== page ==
You’ve probably heard the name Alice Sebold or maybe you’ve read her well-known novel, The Lovely Bones. Whether you’ve read Sebold’s most famous book or not, you should read Lucky.
Lucky is Sebold’s memoir of her rape and her survival. I’ll admit that I’ve picked this book up a while back and tried to read it, but found it extremely difficult to get through the first chapter. The book starts with Sebold’s rape. She was an 18-year-old virgin, walking back to her dorm room on the last night of school when she was grabbed, threatened, and brutally raped by a man she describes as short, muscular, black, and between the ages of 16 and 18. Sebold doesn’t hold back when describing her attack and rape. It was incredibly hard to read and even harder to imagine that someone could have attacked another person so brutally.
I decided this year that I would read all the unread books I have sitting on my book shelf so I picked up Sebold’s memoir to give it another try. This time, I forced myself to continue past the first chapter and read the entire memoir within three days. Though the rape was brutal and imagining the terror Sebold must have felt during and in the moments, days, weeks, and years after her rape was scary for me to read, I never felt any pity for her. I never stopped to think that I felt sorry for her and I’m not saying this because I think I should have felt sorry for her. On the contrary, I think feeling sorry for a victim of any kind of violence is not fair to the victim. Yes, a terrible thing happened to her, but feeling sorry for her, won’t help her move on. Listening helps. I think this is part of the reason Sebold decided to write this memoir; she wanted people to listen, not only to help herself, but to give a name and a face and a story to a victim of rape.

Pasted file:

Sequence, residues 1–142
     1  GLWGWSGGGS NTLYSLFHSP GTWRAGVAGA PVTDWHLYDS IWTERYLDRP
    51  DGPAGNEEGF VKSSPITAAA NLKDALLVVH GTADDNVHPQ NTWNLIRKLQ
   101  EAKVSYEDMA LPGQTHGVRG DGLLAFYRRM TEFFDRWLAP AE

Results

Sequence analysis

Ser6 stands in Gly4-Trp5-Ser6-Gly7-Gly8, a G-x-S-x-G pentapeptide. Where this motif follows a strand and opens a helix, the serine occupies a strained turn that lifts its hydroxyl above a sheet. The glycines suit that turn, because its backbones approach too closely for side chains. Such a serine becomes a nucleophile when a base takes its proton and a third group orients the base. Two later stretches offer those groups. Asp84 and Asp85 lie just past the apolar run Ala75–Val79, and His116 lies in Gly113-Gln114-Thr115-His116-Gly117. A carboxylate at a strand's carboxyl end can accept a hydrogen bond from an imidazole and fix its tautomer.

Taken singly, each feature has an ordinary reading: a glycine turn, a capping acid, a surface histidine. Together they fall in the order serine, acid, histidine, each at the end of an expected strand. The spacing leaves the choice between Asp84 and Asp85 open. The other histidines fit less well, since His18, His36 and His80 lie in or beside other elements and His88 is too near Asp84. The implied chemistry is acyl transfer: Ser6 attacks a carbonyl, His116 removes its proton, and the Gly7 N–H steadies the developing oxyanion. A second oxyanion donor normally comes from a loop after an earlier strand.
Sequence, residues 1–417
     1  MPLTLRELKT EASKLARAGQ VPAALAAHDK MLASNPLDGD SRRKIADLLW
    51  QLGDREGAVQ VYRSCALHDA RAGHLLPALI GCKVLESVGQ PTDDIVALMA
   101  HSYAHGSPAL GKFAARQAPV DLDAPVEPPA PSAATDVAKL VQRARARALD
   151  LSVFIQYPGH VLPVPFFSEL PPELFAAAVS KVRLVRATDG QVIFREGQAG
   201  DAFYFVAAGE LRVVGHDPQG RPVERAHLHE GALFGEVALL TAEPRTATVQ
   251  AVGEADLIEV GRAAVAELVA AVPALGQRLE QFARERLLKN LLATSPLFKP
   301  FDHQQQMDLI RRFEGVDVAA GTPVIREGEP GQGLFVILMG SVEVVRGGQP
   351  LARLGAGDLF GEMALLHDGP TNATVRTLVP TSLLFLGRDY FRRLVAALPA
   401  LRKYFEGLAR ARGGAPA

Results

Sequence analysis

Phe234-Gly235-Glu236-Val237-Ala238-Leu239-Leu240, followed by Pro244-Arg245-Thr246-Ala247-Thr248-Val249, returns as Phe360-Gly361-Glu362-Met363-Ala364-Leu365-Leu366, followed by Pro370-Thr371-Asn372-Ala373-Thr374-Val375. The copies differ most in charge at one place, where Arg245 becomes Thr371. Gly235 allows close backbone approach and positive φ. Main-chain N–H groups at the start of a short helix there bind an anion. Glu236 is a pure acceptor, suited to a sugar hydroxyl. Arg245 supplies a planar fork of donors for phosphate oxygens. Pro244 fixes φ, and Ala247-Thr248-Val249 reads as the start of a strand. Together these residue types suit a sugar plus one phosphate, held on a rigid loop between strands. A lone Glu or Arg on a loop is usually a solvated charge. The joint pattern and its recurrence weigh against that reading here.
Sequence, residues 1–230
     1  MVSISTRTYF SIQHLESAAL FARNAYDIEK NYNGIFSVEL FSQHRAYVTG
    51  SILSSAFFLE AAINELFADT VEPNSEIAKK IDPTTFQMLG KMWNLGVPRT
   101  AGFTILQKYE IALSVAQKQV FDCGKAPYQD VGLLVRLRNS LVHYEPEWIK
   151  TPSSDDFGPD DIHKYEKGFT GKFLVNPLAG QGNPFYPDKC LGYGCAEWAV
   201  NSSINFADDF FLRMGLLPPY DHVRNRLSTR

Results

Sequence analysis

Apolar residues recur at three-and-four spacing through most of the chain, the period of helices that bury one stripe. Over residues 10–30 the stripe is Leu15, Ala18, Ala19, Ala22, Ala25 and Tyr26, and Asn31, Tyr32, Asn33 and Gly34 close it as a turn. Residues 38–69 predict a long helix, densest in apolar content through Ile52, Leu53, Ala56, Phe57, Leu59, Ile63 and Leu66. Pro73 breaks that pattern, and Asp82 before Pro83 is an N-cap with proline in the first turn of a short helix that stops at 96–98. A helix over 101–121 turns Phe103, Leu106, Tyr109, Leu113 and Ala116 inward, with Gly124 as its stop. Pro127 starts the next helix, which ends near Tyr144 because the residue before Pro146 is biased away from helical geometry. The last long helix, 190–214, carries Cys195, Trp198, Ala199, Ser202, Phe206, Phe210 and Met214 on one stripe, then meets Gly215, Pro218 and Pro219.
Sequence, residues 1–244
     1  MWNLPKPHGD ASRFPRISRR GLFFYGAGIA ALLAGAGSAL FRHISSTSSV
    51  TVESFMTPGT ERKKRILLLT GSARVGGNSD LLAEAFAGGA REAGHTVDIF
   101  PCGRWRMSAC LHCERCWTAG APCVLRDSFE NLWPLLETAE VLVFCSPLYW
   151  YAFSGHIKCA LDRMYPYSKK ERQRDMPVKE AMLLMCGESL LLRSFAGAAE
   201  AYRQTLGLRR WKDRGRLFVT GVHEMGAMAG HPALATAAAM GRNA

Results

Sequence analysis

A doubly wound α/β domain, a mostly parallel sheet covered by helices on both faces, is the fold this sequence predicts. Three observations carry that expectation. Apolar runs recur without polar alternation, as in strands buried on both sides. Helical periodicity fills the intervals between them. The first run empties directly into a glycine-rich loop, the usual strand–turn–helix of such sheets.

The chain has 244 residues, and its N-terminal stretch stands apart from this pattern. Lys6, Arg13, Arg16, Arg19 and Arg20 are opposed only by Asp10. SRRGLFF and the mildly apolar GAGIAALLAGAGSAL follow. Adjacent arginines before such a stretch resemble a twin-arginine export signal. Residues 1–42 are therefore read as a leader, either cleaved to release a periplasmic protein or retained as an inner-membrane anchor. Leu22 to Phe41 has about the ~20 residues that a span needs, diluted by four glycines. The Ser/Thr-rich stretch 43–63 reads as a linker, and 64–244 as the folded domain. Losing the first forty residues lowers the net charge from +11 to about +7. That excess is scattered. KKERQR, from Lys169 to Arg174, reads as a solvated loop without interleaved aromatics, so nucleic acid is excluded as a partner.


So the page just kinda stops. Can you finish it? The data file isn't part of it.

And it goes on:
Another reason I never felt pity for Sebold was because of her incredible strength. She walked away from her attack not as a victim, but as a strong individual. She never gave up on finding and putting her rapist behind bars. She wrote this memoir and told her story. She moved past her rape and continued living a full and successful like as an amazing author.
I always wondered why Sebold chose to write the novel, The Lovely Bones. After reading her memoir, I think I finally understand her choice in deciding to write a novel about a young girl who is murdered and the difficulty her family has to go through in order to deal with losing their child. In her memoir, Sebold mentions that she was murdered by her rapist and a new version of herself was born after her rape. Her family and friends had a hard time dealing with her rape; they didn’t know what to do or say. The Lovely Bones now seems to me like another story about Sebold’s rape, focused on the hardship family and friends have with dealing with the destruction of a person they love.
In her memoir, Sebold writes, “You save yourself or you remain unsaved.” Lucky is the story of how Alice Sebold saved herself. Grab a copy and listen to her story.